Friday, January 28, 2011

Cars With Bonnets and Boots

Tonight my friend Jack Darnell posted a blog showing a picture of an old Morris Oxford, a car with a bonnet and a boot.

Now I'm sure that if you are reading this and you are from Great Britain or one of her Colonies - or former colonies - you are going to have quite a different "read" of this post than most of my American friends will have. You see, for us here in the USA, when we say "bonnet" we think of an elderly grandmother with her old-fashioned head-gear which was worn regularly by our pioneer women to protect their hair from the weather. When we say "boot" we are thinking of something we put on our feet.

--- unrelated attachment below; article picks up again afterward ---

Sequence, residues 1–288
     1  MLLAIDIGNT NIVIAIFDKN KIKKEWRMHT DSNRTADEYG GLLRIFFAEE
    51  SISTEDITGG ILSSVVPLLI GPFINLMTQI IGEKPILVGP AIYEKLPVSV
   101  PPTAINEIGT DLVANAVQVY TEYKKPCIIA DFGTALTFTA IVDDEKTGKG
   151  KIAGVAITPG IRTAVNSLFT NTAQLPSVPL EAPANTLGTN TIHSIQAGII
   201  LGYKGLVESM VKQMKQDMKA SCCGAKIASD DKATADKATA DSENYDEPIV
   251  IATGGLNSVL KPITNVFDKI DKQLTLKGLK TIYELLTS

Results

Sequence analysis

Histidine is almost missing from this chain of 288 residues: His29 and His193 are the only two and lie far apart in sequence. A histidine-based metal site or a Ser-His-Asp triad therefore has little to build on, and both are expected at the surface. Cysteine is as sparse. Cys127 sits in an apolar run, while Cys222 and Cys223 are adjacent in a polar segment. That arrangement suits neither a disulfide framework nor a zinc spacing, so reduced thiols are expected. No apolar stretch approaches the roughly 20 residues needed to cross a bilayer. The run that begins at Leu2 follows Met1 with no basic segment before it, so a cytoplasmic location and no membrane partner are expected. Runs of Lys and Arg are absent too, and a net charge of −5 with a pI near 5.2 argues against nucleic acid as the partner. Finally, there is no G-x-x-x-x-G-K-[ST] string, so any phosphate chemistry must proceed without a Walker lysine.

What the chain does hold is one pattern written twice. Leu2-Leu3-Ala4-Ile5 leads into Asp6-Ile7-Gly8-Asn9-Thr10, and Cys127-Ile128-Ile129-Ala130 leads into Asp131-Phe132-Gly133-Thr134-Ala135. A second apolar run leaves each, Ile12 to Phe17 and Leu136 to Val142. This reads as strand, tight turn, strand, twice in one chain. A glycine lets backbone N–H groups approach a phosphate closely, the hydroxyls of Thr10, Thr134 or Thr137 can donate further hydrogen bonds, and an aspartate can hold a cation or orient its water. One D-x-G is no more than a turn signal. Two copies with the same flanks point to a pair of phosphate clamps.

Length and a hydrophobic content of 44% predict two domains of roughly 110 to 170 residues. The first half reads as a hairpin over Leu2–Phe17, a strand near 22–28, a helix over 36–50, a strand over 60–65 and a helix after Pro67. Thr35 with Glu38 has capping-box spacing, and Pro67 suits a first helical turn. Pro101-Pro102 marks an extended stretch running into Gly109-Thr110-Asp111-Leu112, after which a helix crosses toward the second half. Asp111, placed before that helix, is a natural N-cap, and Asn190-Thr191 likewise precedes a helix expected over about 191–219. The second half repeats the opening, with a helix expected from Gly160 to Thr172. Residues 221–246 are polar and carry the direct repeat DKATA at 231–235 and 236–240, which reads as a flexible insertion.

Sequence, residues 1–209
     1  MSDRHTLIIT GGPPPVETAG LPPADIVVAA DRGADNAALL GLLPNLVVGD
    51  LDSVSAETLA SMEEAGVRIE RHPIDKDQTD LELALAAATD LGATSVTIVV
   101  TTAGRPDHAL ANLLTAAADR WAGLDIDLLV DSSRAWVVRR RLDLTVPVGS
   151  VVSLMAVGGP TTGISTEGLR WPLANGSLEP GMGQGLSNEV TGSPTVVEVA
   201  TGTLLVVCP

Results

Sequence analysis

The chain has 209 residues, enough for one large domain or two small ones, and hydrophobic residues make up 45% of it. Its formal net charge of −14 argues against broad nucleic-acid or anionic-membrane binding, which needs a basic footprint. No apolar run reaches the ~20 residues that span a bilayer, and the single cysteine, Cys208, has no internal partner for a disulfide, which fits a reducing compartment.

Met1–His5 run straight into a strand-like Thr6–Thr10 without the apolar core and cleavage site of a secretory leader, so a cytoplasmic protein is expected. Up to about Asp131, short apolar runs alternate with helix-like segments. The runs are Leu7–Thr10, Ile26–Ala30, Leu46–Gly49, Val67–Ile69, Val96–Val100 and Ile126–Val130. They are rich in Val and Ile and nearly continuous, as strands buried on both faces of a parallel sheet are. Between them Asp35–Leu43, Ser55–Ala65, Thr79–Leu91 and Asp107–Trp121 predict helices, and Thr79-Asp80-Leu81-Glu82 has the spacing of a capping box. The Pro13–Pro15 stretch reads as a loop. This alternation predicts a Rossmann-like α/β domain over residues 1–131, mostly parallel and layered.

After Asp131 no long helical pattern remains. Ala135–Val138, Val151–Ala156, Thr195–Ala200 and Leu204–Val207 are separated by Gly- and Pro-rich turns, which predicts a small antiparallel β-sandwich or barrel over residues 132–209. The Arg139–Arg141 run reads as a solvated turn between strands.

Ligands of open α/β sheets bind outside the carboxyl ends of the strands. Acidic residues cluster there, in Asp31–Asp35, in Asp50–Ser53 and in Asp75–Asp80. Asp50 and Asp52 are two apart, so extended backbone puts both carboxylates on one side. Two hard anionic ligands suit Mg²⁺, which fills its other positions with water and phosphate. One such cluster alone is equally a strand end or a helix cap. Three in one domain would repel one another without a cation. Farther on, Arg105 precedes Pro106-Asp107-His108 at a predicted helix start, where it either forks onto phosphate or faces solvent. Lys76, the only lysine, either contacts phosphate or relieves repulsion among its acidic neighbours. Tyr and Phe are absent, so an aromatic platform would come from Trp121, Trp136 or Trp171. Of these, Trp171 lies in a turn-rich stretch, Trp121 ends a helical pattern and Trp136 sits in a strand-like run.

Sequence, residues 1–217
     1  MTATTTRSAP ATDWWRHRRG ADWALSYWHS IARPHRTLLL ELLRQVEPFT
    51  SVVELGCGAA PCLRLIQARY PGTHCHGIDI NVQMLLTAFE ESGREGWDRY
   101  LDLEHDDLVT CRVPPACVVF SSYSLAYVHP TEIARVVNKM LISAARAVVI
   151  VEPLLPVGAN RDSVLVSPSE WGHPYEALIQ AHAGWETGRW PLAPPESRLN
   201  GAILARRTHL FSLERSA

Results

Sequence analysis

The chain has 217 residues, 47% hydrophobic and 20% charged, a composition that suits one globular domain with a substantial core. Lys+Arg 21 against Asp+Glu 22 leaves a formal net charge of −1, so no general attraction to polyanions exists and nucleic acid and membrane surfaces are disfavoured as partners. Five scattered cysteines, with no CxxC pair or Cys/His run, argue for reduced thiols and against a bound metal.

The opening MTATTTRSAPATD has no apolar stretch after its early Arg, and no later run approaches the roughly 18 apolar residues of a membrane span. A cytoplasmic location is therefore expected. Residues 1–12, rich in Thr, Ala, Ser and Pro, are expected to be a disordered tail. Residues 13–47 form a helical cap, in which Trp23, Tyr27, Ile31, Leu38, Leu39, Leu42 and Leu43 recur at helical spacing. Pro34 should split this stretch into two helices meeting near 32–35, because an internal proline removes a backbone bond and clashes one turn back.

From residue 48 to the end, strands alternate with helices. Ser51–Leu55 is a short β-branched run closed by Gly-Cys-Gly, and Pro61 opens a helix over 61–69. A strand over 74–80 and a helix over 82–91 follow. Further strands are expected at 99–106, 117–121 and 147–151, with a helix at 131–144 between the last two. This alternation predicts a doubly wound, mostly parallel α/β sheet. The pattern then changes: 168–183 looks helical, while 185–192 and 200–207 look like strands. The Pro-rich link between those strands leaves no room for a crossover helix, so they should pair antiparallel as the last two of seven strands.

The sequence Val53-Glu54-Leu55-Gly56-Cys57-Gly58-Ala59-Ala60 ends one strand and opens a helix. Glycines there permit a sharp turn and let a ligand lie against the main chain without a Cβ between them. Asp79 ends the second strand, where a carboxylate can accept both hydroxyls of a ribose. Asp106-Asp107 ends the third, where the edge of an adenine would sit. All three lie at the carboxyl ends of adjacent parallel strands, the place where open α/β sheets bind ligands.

The year was 1966. We were on our first overseas assignment for the Church of God as missionaries to British Guiana. Shortly (within our first six months) they gained their Independence and became known as Guyana, South America. Still the British influences saturated everything. There was "Fogarty's" a big chain store where you could buy food and clothes and books and maybe even some furniture for your home. Booker's, Ltd, was the place to buy cars. Our missions board provided the funds (I can't be sure but it seems I remember $3000 being the price) for us to purchase a new one. The traffic all rode on the opposite side of the street we were used to driving on back in Tennessee. It was nerve-wracking but I actually did manage to get under the wheel and negotiate traffic in that town of 500,000 people driving "on the wrong side of the road"! I had spent the previous 5 years in Tellico Plains, TN, a town of less than 1,000 people at that time. What a challenge.